Interrupting Solitude – My last weekly blog for the Zero Hour Residency
Time always amazes me, the way in which it can fluctuate. We have an abundance one moment and none the next. I think the act of interrupting solitude brought on by the pandemic has compelled the time to fly. Wendy and I have had long days of protracted conversations followed by intense days of making over the past four weeks and yet the month seems to have vanished. I suppose this is a good analogy for our residency; Searching for closeness while separated by over 1036km; Finding intimacy whilst in isolation; Time feeling abundant and scarce at the same moment.
Life in a pandemic seems to change rapidly, shifting between different states; Fear, isolation and hopelessness quickly give way to friendship, comradery and exploration. Through the Zero Hour Residency, we have found a way to interrupt solitude and find closeness from a distance.
If you have followed this blog from the start you will know that we have been using absurdity as a way to explore the intimacy of touch whilst living in different countries, the UK and Germany. We have approached this task with an absurd spirit and the understanding that ‘touch’ can mean different things. In my last blog ‘Intimacy in Isolation’, I commented on what touch meant for us and what it means to make work about intimacy in a digital space. From that blog, I have really started to explore the reason why I want to use hands within this project.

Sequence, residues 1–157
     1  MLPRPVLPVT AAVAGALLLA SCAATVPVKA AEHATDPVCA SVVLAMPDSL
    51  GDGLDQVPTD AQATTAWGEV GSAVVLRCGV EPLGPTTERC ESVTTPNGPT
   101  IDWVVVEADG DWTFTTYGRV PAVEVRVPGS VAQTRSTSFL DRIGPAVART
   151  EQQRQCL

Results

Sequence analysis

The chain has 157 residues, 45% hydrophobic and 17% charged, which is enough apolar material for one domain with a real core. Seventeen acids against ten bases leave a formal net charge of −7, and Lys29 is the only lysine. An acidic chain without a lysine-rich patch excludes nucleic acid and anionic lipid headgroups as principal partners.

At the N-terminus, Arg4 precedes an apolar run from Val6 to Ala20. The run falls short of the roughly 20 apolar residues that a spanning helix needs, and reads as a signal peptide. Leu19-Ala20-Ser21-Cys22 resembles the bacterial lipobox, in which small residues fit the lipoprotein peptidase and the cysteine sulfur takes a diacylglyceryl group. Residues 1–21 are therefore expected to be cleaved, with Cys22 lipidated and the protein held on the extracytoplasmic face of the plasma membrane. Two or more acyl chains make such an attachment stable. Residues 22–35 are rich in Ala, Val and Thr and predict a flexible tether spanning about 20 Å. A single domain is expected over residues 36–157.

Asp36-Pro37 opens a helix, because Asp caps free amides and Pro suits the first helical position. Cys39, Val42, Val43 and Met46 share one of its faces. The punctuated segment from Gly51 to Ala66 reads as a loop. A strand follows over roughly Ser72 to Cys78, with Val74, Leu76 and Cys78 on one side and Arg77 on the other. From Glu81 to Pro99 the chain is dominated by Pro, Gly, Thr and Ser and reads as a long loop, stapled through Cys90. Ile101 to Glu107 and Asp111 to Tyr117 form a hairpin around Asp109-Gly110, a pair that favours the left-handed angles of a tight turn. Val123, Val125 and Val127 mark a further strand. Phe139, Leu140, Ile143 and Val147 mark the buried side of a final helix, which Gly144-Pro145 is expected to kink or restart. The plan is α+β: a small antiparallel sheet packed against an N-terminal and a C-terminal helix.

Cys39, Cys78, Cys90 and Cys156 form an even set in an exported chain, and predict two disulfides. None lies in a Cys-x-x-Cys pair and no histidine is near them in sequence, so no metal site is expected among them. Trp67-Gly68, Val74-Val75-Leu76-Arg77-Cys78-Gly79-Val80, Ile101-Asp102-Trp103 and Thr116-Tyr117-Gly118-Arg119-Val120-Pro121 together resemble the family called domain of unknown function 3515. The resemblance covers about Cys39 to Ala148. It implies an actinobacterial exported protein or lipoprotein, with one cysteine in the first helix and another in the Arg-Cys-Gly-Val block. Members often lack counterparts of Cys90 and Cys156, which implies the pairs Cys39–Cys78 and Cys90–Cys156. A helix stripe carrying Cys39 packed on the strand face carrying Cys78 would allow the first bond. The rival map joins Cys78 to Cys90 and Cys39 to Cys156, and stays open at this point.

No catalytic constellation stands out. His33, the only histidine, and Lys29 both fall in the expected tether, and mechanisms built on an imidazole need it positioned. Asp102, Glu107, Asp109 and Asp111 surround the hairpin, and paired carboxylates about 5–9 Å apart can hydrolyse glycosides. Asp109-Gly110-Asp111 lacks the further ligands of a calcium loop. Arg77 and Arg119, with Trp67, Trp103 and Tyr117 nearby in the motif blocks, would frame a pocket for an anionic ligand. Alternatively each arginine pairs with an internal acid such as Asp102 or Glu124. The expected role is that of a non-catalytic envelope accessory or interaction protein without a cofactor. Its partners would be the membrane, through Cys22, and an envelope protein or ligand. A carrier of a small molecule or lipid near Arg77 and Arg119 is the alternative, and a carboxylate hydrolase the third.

Hands are the primary focus of touch sensitivity
Hands are what we use the most to touch our surroundings, ourselves and others. In some ways, we explore our sensory world and our emotional world through them. Hands are a symbol of friendship, collaboration and peace; they are a way to extend ourself out into the world acting as a public signifier of our private relationships.
By making video and video responses to choreographed gestures we found a visual language to explore our relationship. By mirroring the ‘hand choreography’ we could mirror ourselves and create a common space for collaboration. Our mirroring is significant to our collaboration; through it, we are establishing our openness to one another and from that, we can build a space in which to speak openly.
The virtual gallery came out of the desire for a space in which to immerse ourselves and feel as if we had a space in which to show the works. This seems like an obvious extension of the digital studio, but it hadn’t actually occurred to us to show work in this way. The final result of the residency is an interactive online gallery showcasing our favourite pieces made during the residency.
Our exhibition will be launched in late August by We Belong Here and will be shown along with other artists on the Zero Hour Residency. More information will be coming soon.